France Shopping and nightlife
Shopping in France
The vast range of available goods - from luxury fashion, gastronomic specialities, arts and crafts, to antique furniture - have led to France being known as a shopper's paradise.
Paris: The golden triangle, formed by avenue des Champs-Elysées, avenue Montaigne and rue François 1er, is lined with flagship boutiques from renown fashion chains. The rue du Faubourg St-Honoré also houses big-name designers like Hermes and Saint Laurent. For flea markets, check out porte de Vanves and porte de Saint Ouen. For more information, see this Shopping in Paris guide.
Marseille: Diversity is everything in Marseille – within short walks you can go from upmarket departmental stores to spice-laden backstreet stores. The main areas include rue Paradis (for luxury brands) and rue St Ferréol (for affordable items). The farmers market on cours Julien on every Wednesday morning is a must-see too. For more information, see this Shopping in Marseille guide.
Lyon: The vibrant rue de la République and the revamped docklands are key areas. Puces du Canal flea market (3 rue Eugène Pottier) is packed with permanent merchants and ad-hoc sellers, ideal for bargain hunters. For more information, see this Shopping in Lyon guide.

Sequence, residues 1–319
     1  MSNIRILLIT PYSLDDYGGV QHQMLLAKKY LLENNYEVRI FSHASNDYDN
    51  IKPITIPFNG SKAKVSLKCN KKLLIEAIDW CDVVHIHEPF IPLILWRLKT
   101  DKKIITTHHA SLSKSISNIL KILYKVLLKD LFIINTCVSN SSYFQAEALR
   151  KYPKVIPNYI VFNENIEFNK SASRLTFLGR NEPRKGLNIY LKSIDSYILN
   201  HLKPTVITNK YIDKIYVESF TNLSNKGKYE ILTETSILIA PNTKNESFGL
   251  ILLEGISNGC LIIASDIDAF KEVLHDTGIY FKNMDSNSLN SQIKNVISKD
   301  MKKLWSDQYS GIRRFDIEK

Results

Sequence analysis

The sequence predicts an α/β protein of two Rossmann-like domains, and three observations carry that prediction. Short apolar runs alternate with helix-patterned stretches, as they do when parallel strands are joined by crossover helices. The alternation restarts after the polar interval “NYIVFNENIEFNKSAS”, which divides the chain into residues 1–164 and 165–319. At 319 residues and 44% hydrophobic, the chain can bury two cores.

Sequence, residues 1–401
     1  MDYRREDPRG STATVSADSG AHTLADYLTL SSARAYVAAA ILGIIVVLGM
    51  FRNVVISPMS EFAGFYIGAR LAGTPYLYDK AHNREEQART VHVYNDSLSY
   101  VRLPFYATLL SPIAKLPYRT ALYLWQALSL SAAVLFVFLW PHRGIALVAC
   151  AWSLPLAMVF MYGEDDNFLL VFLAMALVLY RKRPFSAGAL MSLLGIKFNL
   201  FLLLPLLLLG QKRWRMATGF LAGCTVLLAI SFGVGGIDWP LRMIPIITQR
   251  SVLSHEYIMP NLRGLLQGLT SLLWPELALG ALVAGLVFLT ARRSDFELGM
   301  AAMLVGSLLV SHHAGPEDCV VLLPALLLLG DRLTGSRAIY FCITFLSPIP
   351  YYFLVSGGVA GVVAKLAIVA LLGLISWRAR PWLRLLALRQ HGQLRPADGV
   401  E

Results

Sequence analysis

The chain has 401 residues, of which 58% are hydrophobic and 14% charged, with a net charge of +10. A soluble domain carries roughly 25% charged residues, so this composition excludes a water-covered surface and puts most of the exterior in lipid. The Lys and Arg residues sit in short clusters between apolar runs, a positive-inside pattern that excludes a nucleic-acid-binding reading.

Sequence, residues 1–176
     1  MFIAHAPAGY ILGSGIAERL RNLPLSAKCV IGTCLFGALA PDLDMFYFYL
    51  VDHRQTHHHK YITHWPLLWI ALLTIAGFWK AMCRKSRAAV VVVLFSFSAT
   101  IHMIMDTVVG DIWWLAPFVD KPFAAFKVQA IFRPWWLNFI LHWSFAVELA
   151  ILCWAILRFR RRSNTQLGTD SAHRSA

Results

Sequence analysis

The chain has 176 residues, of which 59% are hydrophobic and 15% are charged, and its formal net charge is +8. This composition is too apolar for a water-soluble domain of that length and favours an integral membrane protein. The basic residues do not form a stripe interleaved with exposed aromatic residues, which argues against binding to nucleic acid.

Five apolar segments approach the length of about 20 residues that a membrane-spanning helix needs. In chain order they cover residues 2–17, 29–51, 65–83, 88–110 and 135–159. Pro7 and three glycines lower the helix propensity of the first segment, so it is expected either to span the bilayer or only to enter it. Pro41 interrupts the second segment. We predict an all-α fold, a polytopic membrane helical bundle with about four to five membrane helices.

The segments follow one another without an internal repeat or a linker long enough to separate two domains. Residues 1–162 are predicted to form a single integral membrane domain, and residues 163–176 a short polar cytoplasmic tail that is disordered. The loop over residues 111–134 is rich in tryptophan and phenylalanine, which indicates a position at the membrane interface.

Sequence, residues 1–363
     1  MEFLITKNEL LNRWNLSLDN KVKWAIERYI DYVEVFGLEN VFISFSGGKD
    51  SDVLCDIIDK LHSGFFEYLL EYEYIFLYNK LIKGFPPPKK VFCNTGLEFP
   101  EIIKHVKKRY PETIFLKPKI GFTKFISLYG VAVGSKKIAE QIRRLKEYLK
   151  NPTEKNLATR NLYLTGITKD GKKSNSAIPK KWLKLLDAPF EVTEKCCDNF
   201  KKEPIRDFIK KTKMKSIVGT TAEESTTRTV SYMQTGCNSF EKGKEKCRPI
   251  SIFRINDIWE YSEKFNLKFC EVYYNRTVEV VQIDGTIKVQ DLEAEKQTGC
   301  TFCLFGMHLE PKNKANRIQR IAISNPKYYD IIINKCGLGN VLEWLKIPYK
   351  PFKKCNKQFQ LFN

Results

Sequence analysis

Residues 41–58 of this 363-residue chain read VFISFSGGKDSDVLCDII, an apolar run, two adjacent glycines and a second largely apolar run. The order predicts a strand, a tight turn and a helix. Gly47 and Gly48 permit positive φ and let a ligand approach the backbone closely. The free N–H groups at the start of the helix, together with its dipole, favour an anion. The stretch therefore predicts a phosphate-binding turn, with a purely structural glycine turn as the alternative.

Lille: On the first Sunday in September, Lille hosts the largest flea market in Europe, the well-known Braderie de Lille. The event attracts over 10,000 sellers and more than two million visitors. For those after luxury items, rue de la Grande Chaussée is the place to be. For more information, see this Shopping in Lille guide.
Department stores open Mon-Sat 0900-1830. Some shops close 1200-1400. Food shops open 0700-1830/1930. Some food shops (particularly bakers) open Sunday mornings, in which case they will probably close Monday. Many shops close all day Monday, or Monday afternoon. Hypermarkets are normally open until 2100 or 2200.
Nightlife in France
Theatres, late-night bars, and cafés are widespread. Nightclubs can also be found in every town and city; some may charge an entrance fee which includes a drink or others may be free of charge but offer drinks at a higher price. Bars tend to close at 0200 hours while nightclubs can go on to 0600 hours.
Most local tourist offices publish diaries of events, available free of charge. In Paris, magazines like L'Officiel des Spectacles highlights cultural events.
In smaller towns and villages, local bars remain integral parts of the community and it is fairly common for people to shake hands with everyone present (tourists included) when entering a bar.